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REVIEWED BY CHUCK ARNOLD
POP-ROCK

J.D. Fortune defeated all challengers on the reality show Rock Star to become the new lead singer of INXS, but now comes the real battle: taking on the ghost of Michael Hut chence. Turns out the Canadian frontman is exactly what the band needed for its first studio album since Hutchence committed suicide in 1997. Despite the change in personnel, Switch isn't so much a reversal for INXS as a return to the good, trashy fun that marked hits like “Need You Tonight.” On hooky, hot-blooded rockers such as “Perfect Strangers,” a guilt-free ode to one-night stands, it's like welcoming back old friends. With his smoldering swagger, the fine-voiced Fortune seems to be channeling Hutchence (as well as Jim Morrison), although he doesn't quite possess that same devil inside. Even so, when he pays tribute to his predecessor on the affecting ballad “God's Top Ten,” it's a bit of pop heaven.

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DOWNLOAD THIS: “God's Top Ten”

Unpredictable
R&B

His Oscar-winning performance in last year's Ray has indelibly linked Jamie Foxx with one of the greatest R&B artists of all time. But Foxx's own music—on this, his second album (following 1994's little-heard Peep This)—may have you saying, “Hit the road, Jamie.” It's a decidedly predictable collection of contemporary soul with the requisite hip-hop beats, R. Kelly-style slow jams and guest rappers (including Ludacris, Snoop Dogg and Common). Whereas Foxx worked as a featured singer on hits by Kanye West (“Gold Digger”) and Twista (“Slow Jamz”), he lacks the vocal presence to elevate the mostly mediocre material here. And he is completely outclassed when Mary J. Blige joins him for a remake of the 1978 Mother's Finest gem “Love Changes.” A classically trained pianist who helped write 6 of 15 tracks, Foxx is not without musical talent, and he shows promise on the Babyface-produced ballad “Heaven,” a tender tribute to his 11-year-old daughter. Still, this disc will hardly earn him a Grammy to go along with that Oscar.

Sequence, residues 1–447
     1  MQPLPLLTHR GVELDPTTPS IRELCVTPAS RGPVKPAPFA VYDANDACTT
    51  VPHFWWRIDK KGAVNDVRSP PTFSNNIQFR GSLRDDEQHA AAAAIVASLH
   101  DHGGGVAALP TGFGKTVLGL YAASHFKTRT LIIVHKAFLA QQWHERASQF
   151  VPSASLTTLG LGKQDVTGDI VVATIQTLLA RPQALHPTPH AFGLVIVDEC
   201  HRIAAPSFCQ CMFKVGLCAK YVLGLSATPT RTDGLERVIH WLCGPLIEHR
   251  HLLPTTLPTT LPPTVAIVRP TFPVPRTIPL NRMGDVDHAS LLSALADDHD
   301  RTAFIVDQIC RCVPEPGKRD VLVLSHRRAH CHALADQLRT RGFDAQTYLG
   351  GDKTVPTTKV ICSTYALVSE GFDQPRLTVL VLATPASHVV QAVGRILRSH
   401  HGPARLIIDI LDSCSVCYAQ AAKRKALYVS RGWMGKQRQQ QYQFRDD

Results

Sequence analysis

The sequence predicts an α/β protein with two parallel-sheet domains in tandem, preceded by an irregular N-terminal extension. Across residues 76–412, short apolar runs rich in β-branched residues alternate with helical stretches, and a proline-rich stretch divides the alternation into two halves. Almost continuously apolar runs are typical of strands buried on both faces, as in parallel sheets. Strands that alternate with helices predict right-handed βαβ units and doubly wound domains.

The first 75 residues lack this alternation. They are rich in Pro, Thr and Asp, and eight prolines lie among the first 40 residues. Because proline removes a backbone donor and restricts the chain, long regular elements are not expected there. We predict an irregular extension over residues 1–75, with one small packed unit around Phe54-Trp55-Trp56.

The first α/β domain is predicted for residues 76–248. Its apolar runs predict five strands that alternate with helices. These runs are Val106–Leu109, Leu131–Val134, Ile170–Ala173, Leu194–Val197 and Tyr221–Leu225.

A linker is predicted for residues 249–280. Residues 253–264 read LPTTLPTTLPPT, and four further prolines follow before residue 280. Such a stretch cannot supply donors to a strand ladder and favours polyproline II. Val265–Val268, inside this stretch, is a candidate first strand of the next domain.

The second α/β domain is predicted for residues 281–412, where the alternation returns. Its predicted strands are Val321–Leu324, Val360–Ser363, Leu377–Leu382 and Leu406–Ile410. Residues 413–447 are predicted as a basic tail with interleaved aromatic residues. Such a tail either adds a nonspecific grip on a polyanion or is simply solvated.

—C.A.

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DOWNLOAD THIS: “Heaven”

Speak for Yourself
ALT-POP

The O.C. strikes again: Following such acts as Phantom Planet, Death Cab for Cutie and Jem, Imogen Heap is the latest alternative artist to receive a big boost from the FOX teen drama. After the sprightly “Goodnight and Go” was featured in an episode in a December 2004 episode, the haunting, harmony-laden “Hide and Seek” added sonic atmospherics to last May's season finale. Both songs are included on the second solo outing from this British singer-songwriter (and one-half of the duo Frou Frou), who, with her ethereal soprano and electronica-infused sounds, brings to mind a trippier Dido. The ambient allure of tracks such as the lightly pulsating “Clear the Area” and the lovely “Just for Now” speaks for itself.
—C.A.

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DOWNLOAD THIS: “Hide and Seek”

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WHAT I'M LISTENING TO

The O.C. actor, 50, takes a break from the Southern California life with 7 Days in Memphis, his debut album of Memphis-style soul.

SOLOMON BURKE, KING OF ROCK' N' SOUL He's always on my iPod. He sent me a great live recording of himself at House of Blues. I also love his album Don't Give Up on Me, which has the [title] song I sang on The O.C.

BOBBY PURIFY, BETTER TO HAVE IT It's all songs originally recorded during the Memphis explosion of soul. I love it because it's just so real.

SUFJAN STEVENS, ILLINOIS There's something familiar [with this indie singer-songwriter] from my generation, a nod to show business and vaudeville and performance that I find surprising.

FACES, OOH LA LA My wife turned me on to Rod Stewart's old band.

MARVIN GAYE, WHAT'S GOING ON It's so true that the more things change, the more they remain the same. —JENNIFER ODELL